On July 8, 1850 the curtain rose on a stage in a massive log building on Lake Michigan’s Beaver Island. The audience—a group of 250-some anti-Brigham Young Mormons who’d recently settled on the sparsely populated island—must have stared in awe. Before them the man they hailed as their prophet, James Strang, sat on a throne rigged from a chair padded with moss and covered with a painted cloth. He was cloaked in a faux-ermine-trimmed red flannel cape, and a mural of a palace interior hung behind him. The theatric touches were courtesy of George Adams, Strang’s assistant and former small-time actor. With a flourish, Adams crowned Strang and declared him king of his Beaver Island Mormon kingdom. As the ceremony closed the crowd cheered, “Long live James, King of Zion!”

The scene was certainly one of the most bizarre in Great Lakes’ History—the makeshift royal trappings against the primitive island life, the voices echoing out over a frontier kingdom where the only other inhabitants were a handful of traders, fishermen and Indians. But quirky as it was, the six-year reign of the man born Jesse James Strang (later, he switched his first and middle names to become James Jesse) was more than a strange sideshow in history.

Strang can’t be explained simply as a fanatic with illusions of royalty. On one hand, he was a manipulator who stopped at almost nothing to fulfill his theocratic desires. On the other, he was a brilliant writer, debater, politician and thinker who served honorably during two terms in the Michigan Legislature. He opposed slavery, was fair to Native Americans and allowed women and, in at least one case, a black man to hold high offices in his church.

Even within Mormonism debate remains over Strang’s rightful place in history. The Church of Jesus Christ of Latter-day Saints has written him off as an irritating charlatan. Yet 150 years after his death, some 300 Strangite Mormons still hail him as the true successor to Mormon leadership following the death of Mormon founder Joseph Smith in 1844. Roger Van Noord, author of Assassination of a Michigan King, which is regarded as the most authoritative account to date of Strang’s life, sums Strang up as, “a magnificent scoundrel.”

It’s true that Strang had to have brains and cunning to create the only monarchy ever established on United States soil, but his chosen place also helped him. He found in Northern Michigan a region ripe for exploitation. His kingdom’s island location was in the middle of a burgeoning Great Lakes economy, yet from Manistee to Marquette there weren’t more than 500 eligible voters. He quickly understood that if he could build a sizeable community that voted in unison, he could control local and regional government.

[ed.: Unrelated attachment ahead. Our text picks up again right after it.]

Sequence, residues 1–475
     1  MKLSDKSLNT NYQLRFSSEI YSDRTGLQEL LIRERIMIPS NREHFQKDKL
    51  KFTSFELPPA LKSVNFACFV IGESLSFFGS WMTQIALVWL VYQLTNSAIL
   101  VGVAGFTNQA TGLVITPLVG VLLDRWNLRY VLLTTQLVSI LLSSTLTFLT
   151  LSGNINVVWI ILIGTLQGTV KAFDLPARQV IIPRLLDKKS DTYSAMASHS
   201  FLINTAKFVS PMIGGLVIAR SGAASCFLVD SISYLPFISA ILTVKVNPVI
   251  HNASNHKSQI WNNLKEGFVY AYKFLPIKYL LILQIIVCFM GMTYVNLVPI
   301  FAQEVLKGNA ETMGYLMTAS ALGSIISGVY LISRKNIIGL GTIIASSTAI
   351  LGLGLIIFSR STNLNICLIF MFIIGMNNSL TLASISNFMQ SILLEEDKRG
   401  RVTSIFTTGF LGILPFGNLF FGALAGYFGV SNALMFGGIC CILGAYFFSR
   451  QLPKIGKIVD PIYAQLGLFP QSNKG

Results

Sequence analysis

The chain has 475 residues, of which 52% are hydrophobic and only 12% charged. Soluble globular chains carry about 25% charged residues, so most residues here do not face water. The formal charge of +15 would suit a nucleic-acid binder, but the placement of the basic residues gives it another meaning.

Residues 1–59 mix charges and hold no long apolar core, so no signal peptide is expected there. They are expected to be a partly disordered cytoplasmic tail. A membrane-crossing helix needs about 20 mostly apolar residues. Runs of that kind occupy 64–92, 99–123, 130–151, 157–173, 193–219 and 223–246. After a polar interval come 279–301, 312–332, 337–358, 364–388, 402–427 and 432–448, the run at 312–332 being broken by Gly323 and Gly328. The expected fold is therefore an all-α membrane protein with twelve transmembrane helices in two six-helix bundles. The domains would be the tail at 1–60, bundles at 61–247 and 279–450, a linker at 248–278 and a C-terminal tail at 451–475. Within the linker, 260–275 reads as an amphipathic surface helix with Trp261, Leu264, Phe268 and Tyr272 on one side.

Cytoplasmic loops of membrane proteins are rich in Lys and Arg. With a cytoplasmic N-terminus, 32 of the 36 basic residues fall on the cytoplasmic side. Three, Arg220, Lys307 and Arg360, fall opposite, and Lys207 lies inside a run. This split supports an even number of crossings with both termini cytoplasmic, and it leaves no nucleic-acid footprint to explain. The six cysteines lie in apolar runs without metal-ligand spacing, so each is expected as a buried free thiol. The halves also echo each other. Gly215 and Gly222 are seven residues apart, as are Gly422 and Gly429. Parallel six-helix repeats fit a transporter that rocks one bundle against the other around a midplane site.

Strang needed a following. To develop one, he contested Brigham Young for the leadership of the Mormon Church after the death of its founder, Joseph Smith. That Strang was, for a period, Young’s chief rival is a remarkable achievement considering Strang had only been a Mormon for five months when the June 1844 assassination of Smith by non-Mormons threw his church into turmoil.

Strang, a 31-year-old attorney and a card-carrying Baptist who’d flirted with atheism, traveled from his home in Burlington, Wisconsin, to the Mormon headquarters of Nauvoo, Illinois, in the winter of 1844. He stayed several weeks—long enough to become a baptized Mormon and an ordained elder of the church. What motivated him to make such an abrupt conversion to Joseph Smith’s new and controversial religion? Strang could have been seeking solace. He and his wife, Mary, had recently lost their eldest daughter to a brief illness—a tragedy that had come on the heels of their move to Wisconsin from their home in Western, New York. Strang was acquainted with the religion through Mary’s Mormon relatives in Burlington. One of them, Aaron Smith, accompanied him to Nauvoo.

But Strang also could have been scheming to fulfill a lifelong desire for grand authority. Strang’s four biographers, Van Noord included, have all sought insight in a diary Strang kept as a young man. The entries (some of which were written in code and deciphered more than 100 years later by his grandson, Mark Strang) show a bright, frustrated mind longing to make the mark of a Caesar or a Napoleon. At one point, Strang confesses to daydreaming of a plot to marry Princess Victoria. “My mind has always been filled with dreams of royalty and power,” he wrote.

If indeed he saw the Mormon movement as a vehicle to gain power, the idea dovetailed with a more pragmatic one: land speculation. Strang’s lifelong best friend, Benjamin Perce, who was also Mary’s brother, was a land speculator in Burlington. Strang was his sometime partner and the pair could well have hoped to exploit the Mormon need to flee the persecution that surrounded them in Nauvoo. Indeed, when Strang left Nauvoo he’d obtained Joseph Smith’s blessings to research the idea of a Mormon settlement near Burlingtion.

Perhaps no one will ever completely understand what led Strang to Nauvoo, because within months of returning to Burlington he’d become the focus of intense controversy, making any accounts of him suspect. “Most of the contemporary material related to Strang was left by Strangites or virulent opponents—the credibility of either side had to be questioned,” says Van Noord.

Strang launched the controversy with a letter he claimed Joseph Smith wrote to him just prior to Smith’s assassination. In the letter, Smith predicted his martyrdom, appointed Strang the church’s new leader—at God’s direction—and instructed Strang to establish a Mormon colony near Burlington to be called Voree, meaning garden of peace. In addition to the letter, Strang claimed that approximately 15 minutes after Smith died an angel appeared to him and anointed his head with oil.